Planning a successful press and media strategy as part of your arts marketing
Anna Vinegrad offers some hints and tips on how arts marketers and arts organisations can create a successful press and media strategy as part of their arts marketing campaigns. This article was first published in JAM (issue 40 / October 2010).
The media landscape may be in a constant process of transformation, and the public increasingly sceptical about its claims, but the power of editorial coverage to influence and raise awareness is as strong as it has ever been, be that print, broadcast or online. Good media coverage helps attract and retain funders and sponsors, as well as members, visitors and audiences. It can also be an extremely cost-effective way of communicating your event, exhibition or production to a wider audience, who are not yet on your database.
Like all elements of the marketing mix, PR works best when it is properly integrated into an overall strategy, working to reinforce above-the-line communication, direct marketing efforts and social media engagement. But engaging with the media and persuading journalists to write about your event is not always straightforward, and the results can be harder to track and measure. When you are not in complete control of the message, there is also the risk of negative, adverse or completely beside-the-point coverage. Not all publicity is good publicity, and if the piece doesn’t include details about where and when, then it’s a wasted opportunity.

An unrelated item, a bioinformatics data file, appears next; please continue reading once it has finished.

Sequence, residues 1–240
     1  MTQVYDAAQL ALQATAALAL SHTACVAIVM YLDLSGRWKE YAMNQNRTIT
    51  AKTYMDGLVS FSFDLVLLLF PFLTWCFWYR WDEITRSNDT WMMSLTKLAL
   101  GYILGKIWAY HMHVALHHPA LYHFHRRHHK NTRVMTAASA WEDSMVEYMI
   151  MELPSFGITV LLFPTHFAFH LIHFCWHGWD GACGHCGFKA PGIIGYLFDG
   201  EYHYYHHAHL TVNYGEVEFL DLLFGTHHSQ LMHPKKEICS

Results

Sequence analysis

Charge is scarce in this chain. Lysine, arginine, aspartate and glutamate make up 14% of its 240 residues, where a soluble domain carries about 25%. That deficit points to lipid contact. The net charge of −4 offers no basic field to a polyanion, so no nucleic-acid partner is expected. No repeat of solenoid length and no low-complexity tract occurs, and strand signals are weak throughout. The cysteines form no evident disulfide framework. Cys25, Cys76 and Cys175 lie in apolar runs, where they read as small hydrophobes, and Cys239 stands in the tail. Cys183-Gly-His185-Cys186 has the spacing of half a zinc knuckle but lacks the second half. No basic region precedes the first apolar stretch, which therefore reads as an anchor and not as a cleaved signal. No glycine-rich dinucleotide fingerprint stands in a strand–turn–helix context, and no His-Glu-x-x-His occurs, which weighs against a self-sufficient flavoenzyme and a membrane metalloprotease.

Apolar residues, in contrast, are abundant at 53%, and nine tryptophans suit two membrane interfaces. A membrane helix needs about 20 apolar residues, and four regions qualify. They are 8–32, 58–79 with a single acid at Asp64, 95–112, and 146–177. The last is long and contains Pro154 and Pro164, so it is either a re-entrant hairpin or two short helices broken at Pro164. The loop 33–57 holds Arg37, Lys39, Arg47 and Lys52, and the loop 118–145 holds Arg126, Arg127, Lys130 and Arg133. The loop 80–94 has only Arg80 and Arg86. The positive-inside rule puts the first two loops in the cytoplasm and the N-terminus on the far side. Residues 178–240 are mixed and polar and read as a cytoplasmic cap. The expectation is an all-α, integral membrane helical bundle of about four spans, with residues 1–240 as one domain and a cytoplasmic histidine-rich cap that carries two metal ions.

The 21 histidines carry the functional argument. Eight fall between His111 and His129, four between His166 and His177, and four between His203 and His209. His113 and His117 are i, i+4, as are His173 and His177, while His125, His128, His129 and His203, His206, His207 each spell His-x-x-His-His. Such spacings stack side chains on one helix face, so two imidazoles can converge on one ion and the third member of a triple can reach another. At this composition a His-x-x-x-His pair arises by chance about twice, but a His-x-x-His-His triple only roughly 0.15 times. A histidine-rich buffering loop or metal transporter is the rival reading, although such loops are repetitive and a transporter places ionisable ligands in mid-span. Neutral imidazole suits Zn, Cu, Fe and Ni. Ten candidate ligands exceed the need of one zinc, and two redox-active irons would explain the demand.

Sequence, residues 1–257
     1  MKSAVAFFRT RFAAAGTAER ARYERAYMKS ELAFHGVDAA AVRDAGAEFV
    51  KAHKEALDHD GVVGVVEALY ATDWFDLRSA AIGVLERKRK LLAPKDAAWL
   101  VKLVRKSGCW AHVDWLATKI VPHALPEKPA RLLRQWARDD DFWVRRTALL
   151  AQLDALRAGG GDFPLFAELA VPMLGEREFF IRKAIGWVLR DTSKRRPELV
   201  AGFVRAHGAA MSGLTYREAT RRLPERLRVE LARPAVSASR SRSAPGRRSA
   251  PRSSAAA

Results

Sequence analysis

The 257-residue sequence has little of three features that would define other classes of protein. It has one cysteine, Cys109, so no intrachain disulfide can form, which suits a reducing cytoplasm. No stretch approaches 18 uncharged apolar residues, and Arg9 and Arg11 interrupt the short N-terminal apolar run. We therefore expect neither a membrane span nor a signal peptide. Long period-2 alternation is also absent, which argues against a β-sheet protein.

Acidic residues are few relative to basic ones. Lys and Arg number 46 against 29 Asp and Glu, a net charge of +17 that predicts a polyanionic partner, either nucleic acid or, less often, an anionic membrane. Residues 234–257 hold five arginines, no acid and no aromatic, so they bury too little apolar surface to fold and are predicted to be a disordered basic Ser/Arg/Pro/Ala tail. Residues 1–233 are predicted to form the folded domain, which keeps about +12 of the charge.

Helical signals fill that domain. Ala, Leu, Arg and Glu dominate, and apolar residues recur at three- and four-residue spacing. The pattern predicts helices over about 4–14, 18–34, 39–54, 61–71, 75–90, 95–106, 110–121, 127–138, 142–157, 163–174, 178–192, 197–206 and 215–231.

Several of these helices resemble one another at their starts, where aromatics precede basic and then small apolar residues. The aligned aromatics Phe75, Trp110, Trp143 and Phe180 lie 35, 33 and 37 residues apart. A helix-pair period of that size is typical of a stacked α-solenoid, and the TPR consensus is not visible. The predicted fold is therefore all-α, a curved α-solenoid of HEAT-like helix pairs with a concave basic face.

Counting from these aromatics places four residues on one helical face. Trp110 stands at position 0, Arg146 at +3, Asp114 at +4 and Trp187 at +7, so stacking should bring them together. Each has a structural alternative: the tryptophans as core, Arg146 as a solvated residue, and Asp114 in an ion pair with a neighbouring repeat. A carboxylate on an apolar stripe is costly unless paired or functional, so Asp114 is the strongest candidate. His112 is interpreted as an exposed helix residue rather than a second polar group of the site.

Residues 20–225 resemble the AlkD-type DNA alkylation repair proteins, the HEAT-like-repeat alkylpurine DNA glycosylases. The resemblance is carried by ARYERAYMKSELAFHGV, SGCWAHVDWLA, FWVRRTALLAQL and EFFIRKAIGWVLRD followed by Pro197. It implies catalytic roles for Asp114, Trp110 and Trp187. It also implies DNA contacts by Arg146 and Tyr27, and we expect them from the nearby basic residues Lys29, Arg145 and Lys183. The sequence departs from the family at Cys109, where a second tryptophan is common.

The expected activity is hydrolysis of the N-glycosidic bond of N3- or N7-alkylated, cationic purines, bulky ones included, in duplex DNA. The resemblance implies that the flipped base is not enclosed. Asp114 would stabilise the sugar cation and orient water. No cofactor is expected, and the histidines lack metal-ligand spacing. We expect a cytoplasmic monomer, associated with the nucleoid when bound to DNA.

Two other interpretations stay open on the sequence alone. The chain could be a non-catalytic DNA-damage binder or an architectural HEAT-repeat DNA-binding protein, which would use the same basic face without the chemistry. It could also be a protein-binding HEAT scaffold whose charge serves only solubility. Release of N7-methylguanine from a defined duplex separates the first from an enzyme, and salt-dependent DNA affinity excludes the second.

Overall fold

Research and planning
However small your event or news story, it is always worth making a media plan and doing comprehensive research as far in advance as possible. It allows you to cover all the bases, dig out every opportunity, and make sure nothing is forgotten. What audiences are you trying to reach and what media do they use? What are your key messages and how will these be conveyed to your different targets?
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